The story of how a lunatic fringe science project became favored by Rumsfeld's Pentagon.
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About the Author
Sharon Weinberger writes regularly for the Washington Post magazine and Slate. She is the editor in chief of Defense Technology International, a new magazine that covers a full range of defense technologies. Previously she was a foreign service officer in the State Dept., a defense reporter for Aviation Week Group's Aerospace Daily & Defense Report, and a defense research analyst for Systems Planning Corporation. She blogs at www.imaginaryweapons.com
Most Helpful Customer Reviews
Weinberger traces the politics of an unorthodox bit of physics which proponents claim could lead to a new superweapon, and detractors say violates the laws of physics.With a background in nuclear and physical chemistry as well as physics, I fall firmly in the later camp. As laid out in the book, the people who make funding decisions in the Pentagon do not share that education, and rely on Jack D. Ripper types whose paranoia lead them to chase fringe science like ESP, teleportation, and cold fusion.The book does an excellent job of tracing the political machinations behind the controversial program. The only reason I rated it down was that it was obvious that she had not gotten a physicist to look over her manuscript, and many of her explanations of the physics were just wrong enough to be grating. The average reader will undoubtedly cruise through these passages (which are few) without notice.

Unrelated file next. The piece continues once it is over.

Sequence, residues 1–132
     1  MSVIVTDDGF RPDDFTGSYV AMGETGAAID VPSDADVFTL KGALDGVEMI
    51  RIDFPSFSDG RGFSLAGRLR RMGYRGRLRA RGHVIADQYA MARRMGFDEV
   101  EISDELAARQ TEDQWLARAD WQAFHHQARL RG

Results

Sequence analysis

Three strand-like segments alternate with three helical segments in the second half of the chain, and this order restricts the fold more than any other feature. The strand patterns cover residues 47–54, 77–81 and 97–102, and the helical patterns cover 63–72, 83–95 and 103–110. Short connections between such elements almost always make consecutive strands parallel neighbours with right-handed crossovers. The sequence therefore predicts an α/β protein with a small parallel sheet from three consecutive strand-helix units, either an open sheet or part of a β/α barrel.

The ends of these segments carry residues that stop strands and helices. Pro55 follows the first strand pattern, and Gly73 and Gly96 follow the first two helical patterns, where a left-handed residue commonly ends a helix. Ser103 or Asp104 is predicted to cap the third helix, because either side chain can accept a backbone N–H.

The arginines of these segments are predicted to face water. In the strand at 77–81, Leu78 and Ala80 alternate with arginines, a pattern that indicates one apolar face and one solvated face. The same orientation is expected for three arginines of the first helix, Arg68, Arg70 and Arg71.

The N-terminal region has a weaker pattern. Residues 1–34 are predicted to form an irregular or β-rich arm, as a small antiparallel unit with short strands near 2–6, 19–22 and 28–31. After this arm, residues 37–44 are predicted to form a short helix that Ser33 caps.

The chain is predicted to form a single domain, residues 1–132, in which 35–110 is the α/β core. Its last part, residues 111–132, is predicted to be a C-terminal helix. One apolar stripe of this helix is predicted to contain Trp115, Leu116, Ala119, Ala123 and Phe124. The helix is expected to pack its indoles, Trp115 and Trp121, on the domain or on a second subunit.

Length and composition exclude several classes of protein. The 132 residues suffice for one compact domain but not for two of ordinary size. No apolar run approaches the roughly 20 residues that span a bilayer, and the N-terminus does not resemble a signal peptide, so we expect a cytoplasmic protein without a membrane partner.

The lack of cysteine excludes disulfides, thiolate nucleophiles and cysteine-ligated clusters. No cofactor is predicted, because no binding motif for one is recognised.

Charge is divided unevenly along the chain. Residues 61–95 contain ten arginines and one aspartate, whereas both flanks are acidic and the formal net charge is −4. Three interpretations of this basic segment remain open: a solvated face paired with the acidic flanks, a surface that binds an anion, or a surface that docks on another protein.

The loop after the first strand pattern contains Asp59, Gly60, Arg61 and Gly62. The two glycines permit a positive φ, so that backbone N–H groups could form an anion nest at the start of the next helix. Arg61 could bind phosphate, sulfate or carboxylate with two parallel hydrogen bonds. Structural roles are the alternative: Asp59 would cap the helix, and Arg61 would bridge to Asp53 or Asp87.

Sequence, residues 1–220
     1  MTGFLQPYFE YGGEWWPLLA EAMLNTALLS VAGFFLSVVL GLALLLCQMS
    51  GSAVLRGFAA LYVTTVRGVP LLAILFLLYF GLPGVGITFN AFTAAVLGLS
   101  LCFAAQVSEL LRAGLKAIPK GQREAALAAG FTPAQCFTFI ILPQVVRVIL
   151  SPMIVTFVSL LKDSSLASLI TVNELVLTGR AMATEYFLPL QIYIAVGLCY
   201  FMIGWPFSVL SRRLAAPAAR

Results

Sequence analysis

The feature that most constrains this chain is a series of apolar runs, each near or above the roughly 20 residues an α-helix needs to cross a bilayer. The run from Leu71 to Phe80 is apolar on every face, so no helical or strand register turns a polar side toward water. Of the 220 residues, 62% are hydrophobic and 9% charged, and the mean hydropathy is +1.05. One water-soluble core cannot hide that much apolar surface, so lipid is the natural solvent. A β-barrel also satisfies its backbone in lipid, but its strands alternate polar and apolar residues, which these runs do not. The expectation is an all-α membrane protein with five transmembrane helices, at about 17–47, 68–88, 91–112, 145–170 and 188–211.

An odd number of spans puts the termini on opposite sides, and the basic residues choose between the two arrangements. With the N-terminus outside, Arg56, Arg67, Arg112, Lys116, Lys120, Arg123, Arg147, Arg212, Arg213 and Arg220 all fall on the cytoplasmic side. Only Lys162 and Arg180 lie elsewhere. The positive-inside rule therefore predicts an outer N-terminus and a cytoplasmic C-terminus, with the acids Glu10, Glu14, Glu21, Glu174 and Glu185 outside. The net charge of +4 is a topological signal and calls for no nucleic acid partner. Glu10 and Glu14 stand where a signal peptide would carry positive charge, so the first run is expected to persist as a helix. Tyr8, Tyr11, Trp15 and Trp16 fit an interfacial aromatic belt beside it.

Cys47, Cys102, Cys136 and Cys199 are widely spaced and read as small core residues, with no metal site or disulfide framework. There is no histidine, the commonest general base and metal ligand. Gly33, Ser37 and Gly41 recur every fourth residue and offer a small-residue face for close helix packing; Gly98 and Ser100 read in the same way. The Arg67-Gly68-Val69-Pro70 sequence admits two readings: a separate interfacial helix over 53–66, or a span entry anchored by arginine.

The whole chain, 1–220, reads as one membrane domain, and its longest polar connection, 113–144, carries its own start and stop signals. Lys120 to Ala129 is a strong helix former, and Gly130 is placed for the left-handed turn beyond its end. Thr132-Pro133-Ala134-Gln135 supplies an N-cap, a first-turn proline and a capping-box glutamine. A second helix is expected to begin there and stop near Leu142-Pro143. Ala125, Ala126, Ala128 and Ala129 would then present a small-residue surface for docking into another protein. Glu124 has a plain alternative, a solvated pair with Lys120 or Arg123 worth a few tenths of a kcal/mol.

I used to work in one of the New Mexico labs mentioned in her book and am familiar with many of the cast of characters in her book- especially Forrest Agee who liked to be called 'Jack', Tony Tether and 'Uncle' Rummy. Sharon Weinberger did a supererb job of characterizing the individuals in the book. Joe Janni from the AFRL in New Mexico was our 'best man' and became head of AFOSR and personally selected Agee to head up the Physics and Electronics basic research for the Air Force. OOOH - there are so many more exciting stories to tell... Sharon Weinberger does a super job explaining how Tether likes to remind everyone 'there is no sin in failing at DARPA'. However, in my opinion, it is a sin for DARPA to fail the US taxpayer. 'High Risk' is important to invest in - DARPA used to have top notch scientists that had a good nose for ferreting out the good stuff to invest in. Nonsense under the guise of 'High Risk' is silly and has no chance of going anywhere - much worse than even winning the lottery. Sharon Weinberger does a great service educating the reader about the importance of funding good science and how our country depends on it. DARPA also points out in their program strategy that good research ideas have to have top notch people and lab facilities to do the research. Sharon does a great job of describing the 'barn' where the research took place. The web sites help too - they show pictures of Collins¿ lab. Perhaps in the second edition of the book Sharon Weinberger can include pictures. So where did the money go? Sharon Weinberger does a good job of discussing the 'renting' the Hafnium sample. Perhaps this is one area Sharon Weinberger could have done a bit better. I'm sure Tony Tether and the AFRL would just love to have another interview with Sharon on that matter. I'm sure the readers and taxpayers would love to hear more about that too. SDI is often called a 'brilliant bluff' - but at least it had science theory behind it and now some of the ideas are actually able to be implemented. This 'imaginary weapon' is not pure science - it is just pure nonsense - no science behind it - and it couldn't even be used to bluff. Sharon also does a nice job of explaining what others throughout the world thought of the research in addition to the JASONs. Only our high level government officials like Agee, Tether and Rumsfeld couldn't seem to tell the difference between real science and 'fringe' science - even when they paid the JASONs to look into it and they shot down the idea. This is one of the things the JASONs apparently claim they are good for - according to Ann Finkbeiner's book - which is also a quite a good read. It is so sad that even a lay person like Sharon Weinberger can get to the bottom of this issue, after two years of looking into it, where the high level Government Scientists could not (would not). Although she did not go into the technical details - Sharon Weinberger left a trail of publications easy for me to obtain and read for myself. I thought this was reasonable level of detail for her book. The book did a nice job explaining the jelly donut - a great explanation for both the physicist and the layperson to enjoy.